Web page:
20. 20.

    Pitkänen A, Hätönen H, Kuosmanen L, Välimäki M. Individual quality of life of people with severe mental disorders. J Psychiatr Ment Health Nurs. 2009;16(1):3–9. https://doi.org/10.1111/j.1365-2850.2008.01308.x.

    Article  PubMed  Google Scholar 

  21. 21.

    Wettergren L, Kettis-Lindblad A, Sprangers M, Ring L. The use, feasibility and psychometric properties of an individualised quality-of-life instrument: a systematic review of the SEIQoL-DW. Qual Life Res. 2009;18(6):737–46.

    CAS  Article  Google Scholar 

  22. 22.

    Moons P, Marquet K, Budts W, De Geest S. Validity, reliability and responsiveness of the "schedule for the evaluation of individual quality of life – direct weighting" (SEIQoL-DW) in congenital heart disease. Health Qual Life Outcomes. 2004;2(1):27. https://doi.org/10.1186/1477-7525-2-27.

    Article  PubMed  PubMed Central  Google Scholar 

  23. 23.

    Chiò A, Gauthier A, Calvo A, Ghiglione P, Mutani R. Caregiver burden and patients’ perception of being a burden in ALS. Neurology. 2005;64(10):1780. https://doi.org/10.1212/01.WNL.0000162034.06268.37.

    Article  PubMed  Google Scholar 

  24. 24.

    Rabkin JG, Wagner GJ, Del Bene M. Resilience and distress among amyotrophic lateral sclerosis patients and caregivers. Psychosom Med. 2000;62(2) Retrieved from https://journals.lww.com/psychosomaticmedicine/Fulltext/2000/03000/Resilience_and_Distress_Among_Amyotrophic_Lateral.20.aspx.

  25. 25.

    Baxter SK, Baird WO, Thompson S, Bianchi SM, Walters SJ, Lee E, et al. The impact on the family carer of motor neurone disease and intervention with noninvasive ventilation. J Palliat Med. 2013;16(12):1602–9. https://doi.org/10.1089/jpm.2013.0211.

    Article  PubMed  PubMed Central  Google Scholar 

  26. 26.

    Trail M, Nelson ND, Van JN, Appel SH, Lai EC. A study comparing patients with amyotrophic lateral sclerosis and their caregivers on measures of quality of life, depression, and their attitudes toward treatment options. J Neurol Sci. 2003;209(1–2):79–85.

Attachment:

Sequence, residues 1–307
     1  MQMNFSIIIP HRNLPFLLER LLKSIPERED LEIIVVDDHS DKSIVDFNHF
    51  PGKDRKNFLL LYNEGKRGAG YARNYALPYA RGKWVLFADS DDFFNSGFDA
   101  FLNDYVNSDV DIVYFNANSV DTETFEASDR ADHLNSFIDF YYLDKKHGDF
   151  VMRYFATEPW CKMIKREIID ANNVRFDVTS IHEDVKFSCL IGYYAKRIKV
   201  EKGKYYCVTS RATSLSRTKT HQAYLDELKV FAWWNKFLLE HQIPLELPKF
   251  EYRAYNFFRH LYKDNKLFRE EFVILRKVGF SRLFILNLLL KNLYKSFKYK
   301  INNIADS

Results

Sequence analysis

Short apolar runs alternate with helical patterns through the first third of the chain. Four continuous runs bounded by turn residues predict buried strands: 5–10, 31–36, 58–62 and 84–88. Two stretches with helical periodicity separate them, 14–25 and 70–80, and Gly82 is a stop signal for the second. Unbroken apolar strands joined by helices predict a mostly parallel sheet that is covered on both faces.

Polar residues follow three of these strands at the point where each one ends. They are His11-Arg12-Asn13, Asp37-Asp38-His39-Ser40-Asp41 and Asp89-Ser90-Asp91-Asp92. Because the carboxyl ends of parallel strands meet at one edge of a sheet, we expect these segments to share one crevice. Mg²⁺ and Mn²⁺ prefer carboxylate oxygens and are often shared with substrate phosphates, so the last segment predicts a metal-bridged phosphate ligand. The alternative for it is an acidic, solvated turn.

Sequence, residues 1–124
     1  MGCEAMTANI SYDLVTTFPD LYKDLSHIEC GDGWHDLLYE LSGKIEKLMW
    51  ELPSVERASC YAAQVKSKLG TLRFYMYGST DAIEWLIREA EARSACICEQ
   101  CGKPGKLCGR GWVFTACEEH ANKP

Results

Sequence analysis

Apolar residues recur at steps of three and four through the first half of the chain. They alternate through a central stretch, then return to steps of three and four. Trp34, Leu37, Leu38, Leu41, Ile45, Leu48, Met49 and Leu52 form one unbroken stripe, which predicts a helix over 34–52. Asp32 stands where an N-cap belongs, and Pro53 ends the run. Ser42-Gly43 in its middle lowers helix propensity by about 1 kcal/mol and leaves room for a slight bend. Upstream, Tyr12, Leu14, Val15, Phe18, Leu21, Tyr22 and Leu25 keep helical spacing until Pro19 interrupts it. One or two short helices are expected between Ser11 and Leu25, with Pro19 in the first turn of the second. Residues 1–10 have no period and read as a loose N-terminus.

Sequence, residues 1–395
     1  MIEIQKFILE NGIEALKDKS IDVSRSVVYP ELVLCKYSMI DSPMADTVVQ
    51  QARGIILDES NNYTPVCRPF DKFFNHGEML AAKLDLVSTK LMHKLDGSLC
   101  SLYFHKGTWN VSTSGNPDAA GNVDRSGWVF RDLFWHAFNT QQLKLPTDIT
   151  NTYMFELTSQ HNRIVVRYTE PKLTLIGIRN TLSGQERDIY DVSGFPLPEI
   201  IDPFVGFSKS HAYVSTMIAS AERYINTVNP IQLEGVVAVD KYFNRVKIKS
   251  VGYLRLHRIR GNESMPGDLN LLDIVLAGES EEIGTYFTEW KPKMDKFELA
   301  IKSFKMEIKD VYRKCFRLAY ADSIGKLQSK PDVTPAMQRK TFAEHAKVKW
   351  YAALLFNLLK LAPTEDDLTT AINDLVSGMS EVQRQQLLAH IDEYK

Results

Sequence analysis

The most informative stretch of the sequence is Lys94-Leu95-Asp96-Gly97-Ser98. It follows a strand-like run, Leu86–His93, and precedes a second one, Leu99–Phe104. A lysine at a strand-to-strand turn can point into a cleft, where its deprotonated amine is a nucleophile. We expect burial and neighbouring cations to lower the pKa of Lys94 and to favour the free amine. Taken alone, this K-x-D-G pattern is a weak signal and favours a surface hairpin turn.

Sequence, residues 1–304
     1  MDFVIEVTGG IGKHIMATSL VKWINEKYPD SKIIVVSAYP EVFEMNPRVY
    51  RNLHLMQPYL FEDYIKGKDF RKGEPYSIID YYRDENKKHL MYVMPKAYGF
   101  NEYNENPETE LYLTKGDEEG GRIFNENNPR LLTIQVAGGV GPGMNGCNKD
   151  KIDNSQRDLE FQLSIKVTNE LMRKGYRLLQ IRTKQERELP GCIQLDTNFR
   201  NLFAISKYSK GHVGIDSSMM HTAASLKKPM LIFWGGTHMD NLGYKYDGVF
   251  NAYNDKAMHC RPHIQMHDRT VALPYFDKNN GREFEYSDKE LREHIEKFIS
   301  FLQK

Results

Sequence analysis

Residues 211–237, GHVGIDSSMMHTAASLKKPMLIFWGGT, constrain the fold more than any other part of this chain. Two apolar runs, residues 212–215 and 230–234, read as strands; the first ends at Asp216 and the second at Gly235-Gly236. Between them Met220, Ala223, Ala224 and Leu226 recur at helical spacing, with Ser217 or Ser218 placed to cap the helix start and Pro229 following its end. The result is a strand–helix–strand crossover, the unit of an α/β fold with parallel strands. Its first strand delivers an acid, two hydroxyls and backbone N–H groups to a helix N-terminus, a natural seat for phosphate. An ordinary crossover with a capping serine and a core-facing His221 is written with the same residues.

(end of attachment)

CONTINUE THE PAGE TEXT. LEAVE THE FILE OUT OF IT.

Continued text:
Article  Google Scholar 

  27. 27.

    Chiò A, Hammond ER, Mora G, Bonito V, Filippini G. Development and evaluation of a clinical staging system for amyotrophic lateral sclerosis. Journal of neurology, neurosurgery &amp. Psychiatry. 2015;86(1):38–44. https://doi.org/10.1136/jnnp-2013-306589.

    Article  Google Scholar 

  28. 28.

    Tramacere I, Dalla Bella E, Chio A, Mora G, Filippini G, Lauria G, et al. The MITOS system predicts long-term survival in amyotrophic lateral sclerosis. J Neurol Neurosurg Psychiatry. 2015;86(11):1180–5. https://doi.org/10.1136/jnnp-2014-310176.

    Article  PubMed  Google Scholar 

  29. 29.

    Niven E, Newton J, Foley J, Colville S, Swingler R, Chandran S, et al. Validation of the Edinburgh cognitive and Behavioural amyotrophic lateral sclerosis screen (ECAS): a cognitive tool for motor disorders. Amyotroph Lateral Scler Frontotemporal Degener. 2015;16(3–4):172–9. https://doi.org/10.3109/21678421.2015.1030430.

    CAS  Article  PubMed  Google Scholar 

  30. 30.

    Elamin M, Pinto-Grau M, Burke T, Bede P, Rooney J, O'Sullivan M, et al. Identifying behavioural changes in ALS: validation of the Beaumont Behavioural inventory (BBI). Amyotroph Lateral Scler Frontotemporal Degener. 2017;18(1–2):68–73. https://doi.org/10.1080/21678421.2016.1248976.

    Article  PubMed  Google Scholar 

  31. 31.

    Zigmond AS, Snaith RP. The hospital anxiety and depression scale. Acta Psychiatr Scand. 1983;67(6):361–70. https://doi.org/10.1111/j.1600-0447.1983.tb09716.x.